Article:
Why pay for something you can get for free?

An email address is the first thing everyone needs if they’re to take advantage of all the perks the internet provides, especially now many of us bank and shop online – for these activities, an email address is an absolute necessity.

This makes it especially frustrating – not to mention a touch unethical – when broadband providers treat it as a privilege, charging up to £90 a year to customers who want to switch to a new provider, but also want to keep their original email address.

After public outcry in February, branding the practice ‘daylight robbery’, Ofcom got involved. As of today, however, people in this situation still have to stomach the cost, so many of them just stick with their original broadband provider, just so they can keep their address.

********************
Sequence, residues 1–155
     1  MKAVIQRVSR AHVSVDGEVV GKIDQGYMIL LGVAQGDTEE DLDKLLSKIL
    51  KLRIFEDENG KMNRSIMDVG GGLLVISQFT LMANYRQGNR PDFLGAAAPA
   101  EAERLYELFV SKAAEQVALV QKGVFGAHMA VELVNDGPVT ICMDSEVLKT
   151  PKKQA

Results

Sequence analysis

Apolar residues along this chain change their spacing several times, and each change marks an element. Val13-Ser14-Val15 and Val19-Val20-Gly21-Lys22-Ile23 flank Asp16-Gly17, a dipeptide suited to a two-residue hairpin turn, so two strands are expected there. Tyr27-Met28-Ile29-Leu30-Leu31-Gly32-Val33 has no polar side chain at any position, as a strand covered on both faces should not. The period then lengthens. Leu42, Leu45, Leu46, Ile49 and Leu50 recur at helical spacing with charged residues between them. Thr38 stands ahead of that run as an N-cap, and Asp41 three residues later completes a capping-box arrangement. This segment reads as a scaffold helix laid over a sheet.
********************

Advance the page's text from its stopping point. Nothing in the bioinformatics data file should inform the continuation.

To make matters worse, broadband price increases are afoot, at least from the bigger operators. For example, BT customers who renew or sign up to a new contract after 1 September 2020 are locked into a price rise which will see their monthly bills jump in March by the rate of inflation plus a further 3.9 percent. Openreach, which provides the infrastructure to the majority of the UK’s broadband services, has decided to increase wholesale prices by inflation rather than costs – a move which could increase broadband costs by £2,000 over five years for a typical UK business and will probably filter down to residential users too

Clearly, being locked into a broadband contract you don’t need is a bad investment. Read on to find out what you can do about this.

Why can’t you keep your email address after changing broadband providers?

Today, 90 percent of the UK’s internet-using homes are supplied with broadband by four big internet service providers: BT, Sky, TalkTalk and Virgin.

Of the four, only one, Sky, allows previous customers to keep their email addresses when they switch to a different provider.

  • BT Premium Mail charges £7.50 per month, adding up to £90 annually. These are email addresses ending in @bt.com, @btinternet.com, @btopenworld.com or @talk21.com.
  • TalkTalk WebMail charges £5 per month, or £60 annually – emails ending in @talktalk.com.